Scientists baffled by discovery that “cobwebs” on spent nuclear fuel is actually bacteria

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Savannah River scientists have confirmed that a material resembling a cobweb which was found to be growing on spent nuclear fuel in the L Basin, is actually a form of bacteria with DNA strains currently unknown.

“We did a genetic analysis and found a diverse population of mostly bacteria,” said Christopher Berry, the senior technical adviser of the Savannah River National Labortory.

The scientists are studying it to determine what it uses for food in such an unusual environment, since a recirculating deionization system would remove most materials that would be used for feed.  If its food source can be identified and eliminated, the bacteria – and the cobwebs – might be more easily controlled, Berry said.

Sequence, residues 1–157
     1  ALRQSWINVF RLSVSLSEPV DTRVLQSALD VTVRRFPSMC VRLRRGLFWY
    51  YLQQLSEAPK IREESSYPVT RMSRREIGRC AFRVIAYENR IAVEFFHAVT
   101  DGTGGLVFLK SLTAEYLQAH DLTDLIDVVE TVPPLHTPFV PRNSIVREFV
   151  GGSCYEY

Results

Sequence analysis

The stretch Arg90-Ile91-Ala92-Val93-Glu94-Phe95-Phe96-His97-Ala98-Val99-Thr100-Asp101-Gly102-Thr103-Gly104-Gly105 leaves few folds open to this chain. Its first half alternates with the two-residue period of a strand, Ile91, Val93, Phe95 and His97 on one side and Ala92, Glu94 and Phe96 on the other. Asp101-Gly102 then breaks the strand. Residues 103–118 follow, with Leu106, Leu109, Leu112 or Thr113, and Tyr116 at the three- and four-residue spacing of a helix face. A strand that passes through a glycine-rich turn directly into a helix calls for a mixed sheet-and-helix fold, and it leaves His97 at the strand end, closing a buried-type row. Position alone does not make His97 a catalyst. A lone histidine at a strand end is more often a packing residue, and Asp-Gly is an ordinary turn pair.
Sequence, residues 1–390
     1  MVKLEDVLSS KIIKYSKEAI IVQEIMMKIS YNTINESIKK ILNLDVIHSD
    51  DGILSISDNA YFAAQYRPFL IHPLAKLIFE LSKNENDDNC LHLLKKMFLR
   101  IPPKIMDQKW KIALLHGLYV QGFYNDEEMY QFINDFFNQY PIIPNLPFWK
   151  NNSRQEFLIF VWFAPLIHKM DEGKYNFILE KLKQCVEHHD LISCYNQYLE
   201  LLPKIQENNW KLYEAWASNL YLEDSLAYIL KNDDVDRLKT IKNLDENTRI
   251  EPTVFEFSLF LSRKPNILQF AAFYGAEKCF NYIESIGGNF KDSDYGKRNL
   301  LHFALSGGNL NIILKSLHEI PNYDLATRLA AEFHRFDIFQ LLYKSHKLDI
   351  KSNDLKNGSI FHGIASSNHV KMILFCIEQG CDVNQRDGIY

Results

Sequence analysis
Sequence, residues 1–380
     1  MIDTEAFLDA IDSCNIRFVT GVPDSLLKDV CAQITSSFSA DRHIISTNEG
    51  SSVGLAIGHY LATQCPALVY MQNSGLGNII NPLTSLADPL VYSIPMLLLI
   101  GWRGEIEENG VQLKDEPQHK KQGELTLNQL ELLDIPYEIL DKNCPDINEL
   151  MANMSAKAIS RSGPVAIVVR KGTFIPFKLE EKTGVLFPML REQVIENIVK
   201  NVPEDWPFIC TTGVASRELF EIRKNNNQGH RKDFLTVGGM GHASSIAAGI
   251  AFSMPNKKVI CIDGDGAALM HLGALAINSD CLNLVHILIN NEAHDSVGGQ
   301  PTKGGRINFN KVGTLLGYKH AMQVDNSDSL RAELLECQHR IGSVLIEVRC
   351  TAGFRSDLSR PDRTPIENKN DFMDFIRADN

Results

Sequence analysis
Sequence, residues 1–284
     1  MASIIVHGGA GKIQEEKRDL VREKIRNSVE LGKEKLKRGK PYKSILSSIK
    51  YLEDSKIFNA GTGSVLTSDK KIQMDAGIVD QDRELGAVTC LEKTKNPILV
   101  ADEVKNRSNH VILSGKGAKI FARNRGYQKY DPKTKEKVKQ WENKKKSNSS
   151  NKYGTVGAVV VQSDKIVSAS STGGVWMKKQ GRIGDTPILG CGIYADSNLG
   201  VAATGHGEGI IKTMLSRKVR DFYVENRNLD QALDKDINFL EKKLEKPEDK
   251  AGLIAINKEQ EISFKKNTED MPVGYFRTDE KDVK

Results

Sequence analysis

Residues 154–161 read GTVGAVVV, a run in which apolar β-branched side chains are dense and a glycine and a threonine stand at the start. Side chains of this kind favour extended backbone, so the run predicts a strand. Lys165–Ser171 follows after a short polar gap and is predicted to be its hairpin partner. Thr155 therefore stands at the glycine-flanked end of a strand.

In 2002, scientists at Savannah River discovered another mysterious growth on a monitoring probe in one of the site’s high-level waste tanks. That finding turned out to be Kineococcus radiotolerans, a microorganism that is capable of withstanding UV exposure and prolonged desiccation, and lives even though it is exposed to radiation doses a thousand times the lethal limits for humans. Subsequent genome sequencing at the University of Georgia revealed that “the content of the Kineococcus genome suggests purposeful adaptations to the high level waste environment.”

It has also been revealed that other mircoorganisms have been found leaking out of 50 year old nuclear waste tanks at Hanford, in Canadian reactors, as well as at the Three Mile Island nuclear power station in Pennsylvania.

Source: The Augusta Chronicle

Source: Oak Ridge National Laboratory

Source: US National Library of Medicine – National Institutes of Health

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